Maria Floyd watched with everyone else on Sunday when her husband, Raymond, reached the 164-yard 15th hole on the Champion Course at PGA National Golf Club. A year before, Floyd had stood on this tee and dumped two balls into the water to the right of the green to blow a seemingly solid lead and hand the PGA Seniors' Championship to Lee Trevino. This time, Floyd had a five-stroke lead, and no way was he going toward the rocks and water hazard that make this the scariest par-3 on the Senior PGA Tour.
Floyd took a seven-iron and aimed at a palm tree behind the green. If he gave a thought to last year's double fault, it was that he made a mechanical error by standing too close to the ball. The rest of it he blocked out. "You've got to put those things in the past," Floyd said later. "And I did."
Maybe Floyd did, but his wife didn't. "I wasn't happy until he was dry on 15," Maria said. This time his ball was right on line, landing safely on the left front of the green. Floyd two-putted for his par and held his five-stroke margin to the finish. Three players, one of them Trevino, tied for second.
"Raymond has a good memory," Trevino said. "I thought he might have forgotten what happened last year. He came in here with an itch to win, and he didn't want the same thing to happen to him again."
This was the fifth time on the Senior tour that Floyd, one of golf's alltime front-runners, has led entering the final round and gone on to victory. The only lead he has blown was here last year, when he was two strokes up after 54 holes and four up with nine holes to play—exactly the same margins he had last weekend.
But Floyd wasn't boasting about getting even with the Champion Course by shooting an 11-under 277, or with the 15th hole by making four pars. "Believe me," he said, "I've played enough golf courses that have whipped me, or golf tournaments or holes, that if I had to try to get even, there wouldn't be enough time in my life."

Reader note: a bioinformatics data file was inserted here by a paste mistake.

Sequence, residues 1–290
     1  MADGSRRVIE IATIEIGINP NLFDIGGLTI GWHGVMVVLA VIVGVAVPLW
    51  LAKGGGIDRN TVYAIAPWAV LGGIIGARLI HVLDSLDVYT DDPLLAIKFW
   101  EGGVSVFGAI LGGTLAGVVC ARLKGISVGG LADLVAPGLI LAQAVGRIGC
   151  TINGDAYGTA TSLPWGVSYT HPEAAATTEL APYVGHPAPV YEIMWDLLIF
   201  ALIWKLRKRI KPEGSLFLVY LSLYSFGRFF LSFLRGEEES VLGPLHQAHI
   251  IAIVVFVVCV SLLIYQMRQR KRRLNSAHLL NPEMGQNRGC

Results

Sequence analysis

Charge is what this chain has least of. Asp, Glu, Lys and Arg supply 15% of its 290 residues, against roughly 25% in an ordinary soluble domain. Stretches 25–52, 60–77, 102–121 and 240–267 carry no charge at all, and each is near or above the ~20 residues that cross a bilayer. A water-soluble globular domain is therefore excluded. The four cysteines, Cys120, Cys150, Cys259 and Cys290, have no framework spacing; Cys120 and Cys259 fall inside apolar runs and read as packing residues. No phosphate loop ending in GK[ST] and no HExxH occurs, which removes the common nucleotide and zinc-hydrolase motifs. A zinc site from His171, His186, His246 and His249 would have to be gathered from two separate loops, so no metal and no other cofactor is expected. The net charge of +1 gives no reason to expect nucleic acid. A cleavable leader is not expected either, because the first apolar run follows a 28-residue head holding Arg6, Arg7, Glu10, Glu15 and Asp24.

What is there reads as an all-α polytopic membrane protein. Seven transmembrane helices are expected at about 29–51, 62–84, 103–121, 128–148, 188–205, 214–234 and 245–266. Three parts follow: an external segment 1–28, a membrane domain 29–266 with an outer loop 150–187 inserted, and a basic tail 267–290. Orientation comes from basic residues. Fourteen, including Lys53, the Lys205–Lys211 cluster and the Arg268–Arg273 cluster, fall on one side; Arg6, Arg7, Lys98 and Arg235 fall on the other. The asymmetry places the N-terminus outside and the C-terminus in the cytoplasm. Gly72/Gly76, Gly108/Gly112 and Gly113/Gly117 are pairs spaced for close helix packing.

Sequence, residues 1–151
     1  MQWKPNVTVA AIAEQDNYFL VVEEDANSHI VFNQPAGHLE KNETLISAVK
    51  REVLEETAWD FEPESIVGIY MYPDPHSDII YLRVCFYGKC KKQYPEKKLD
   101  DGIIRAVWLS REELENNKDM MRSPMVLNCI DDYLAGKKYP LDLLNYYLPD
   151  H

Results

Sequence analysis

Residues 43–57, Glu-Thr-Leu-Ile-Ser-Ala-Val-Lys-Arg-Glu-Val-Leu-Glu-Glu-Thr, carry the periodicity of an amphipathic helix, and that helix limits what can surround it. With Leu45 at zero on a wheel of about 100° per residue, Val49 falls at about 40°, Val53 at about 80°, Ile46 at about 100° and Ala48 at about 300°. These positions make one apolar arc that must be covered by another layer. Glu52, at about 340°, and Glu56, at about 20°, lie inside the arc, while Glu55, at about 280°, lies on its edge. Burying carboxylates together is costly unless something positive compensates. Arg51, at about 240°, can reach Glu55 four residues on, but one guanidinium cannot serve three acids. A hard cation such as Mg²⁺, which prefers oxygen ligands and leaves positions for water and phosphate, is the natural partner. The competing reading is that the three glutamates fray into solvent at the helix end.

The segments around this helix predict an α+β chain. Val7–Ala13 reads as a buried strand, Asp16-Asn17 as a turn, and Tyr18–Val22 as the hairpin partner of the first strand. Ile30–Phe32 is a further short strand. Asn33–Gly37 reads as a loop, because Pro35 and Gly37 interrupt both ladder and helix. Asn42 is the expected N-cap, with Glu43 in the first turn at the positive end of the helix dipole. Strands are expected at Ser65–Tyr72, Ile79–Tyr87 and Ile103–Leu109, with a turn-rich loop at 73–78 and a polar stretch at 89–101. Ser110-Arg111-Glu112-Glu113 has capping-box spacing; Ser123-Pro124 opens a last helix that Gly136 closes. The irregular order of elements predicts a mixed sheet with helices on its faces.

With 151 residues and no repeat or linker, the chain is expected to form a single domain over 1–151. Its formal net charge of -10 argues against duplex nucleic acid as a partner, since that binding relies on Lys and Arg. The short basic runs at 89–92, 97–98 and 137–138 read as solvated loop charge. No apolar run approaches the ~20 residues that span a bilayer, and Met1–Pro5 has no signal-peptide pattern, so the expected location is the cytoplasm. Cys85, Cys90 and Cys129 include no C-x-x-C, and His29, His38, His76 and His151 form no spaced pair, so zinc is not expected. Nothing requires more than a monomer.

At 52, Floyd is playing the best tee-to-green golf of his career. "Better than when he won the Open at Shinnecock in '86," said his son Robert, a freshman golfer at the University of Florida. "As well as anyone I've ever seen," said his caddie Steve Williams, who used to carry for Greg Norman.
With 10 wins, 13 seconds and four thirds, Floyd has been win, place or show in more than half the 48 Senior events he has entered. Still, this was his first win of 1995, and he has struggled with his putting, once his trademark. He missed only 11 greens all week at PGA National but averaged 31 putts per round. "I'm not nearly as good a putter as I used to be in my prime," Floyd said. "When I say 'my prime,' I mean the early '80s, when I was winning two or three tournaments a year. I can still putt, but I'm not as good as I used to be."
For Floyd and the other seniors who competed in Augusta, last week was hard to get primed for. With 27 holes to go in the Masters, Floyd was seven under par and close to the lead. Unable to sustain that pace, he eventually finished 17th. The last place he wanted to be on the very next Tuesday was driving up Interstate 95 to play in another tournament. Then, when he arrived at PGA National, he was greeted by a scene not usually associated with a major championship.
Avenue of the Champions, which leads to PGA National, will never be confused with Augusta National's Magnolia Lane. This year it was adorned with corporate flags advertising Oldsmobile, the GM Card, Chap Stick and Advil. Attendance was so sparse that when Floyd went out for a practice round, he nearly had the course to himself. "I was home in Miami yesterday and didn't touch a club and really didn't want to come up here today," he said on Tuesday. "It's a big letdown after the Masters."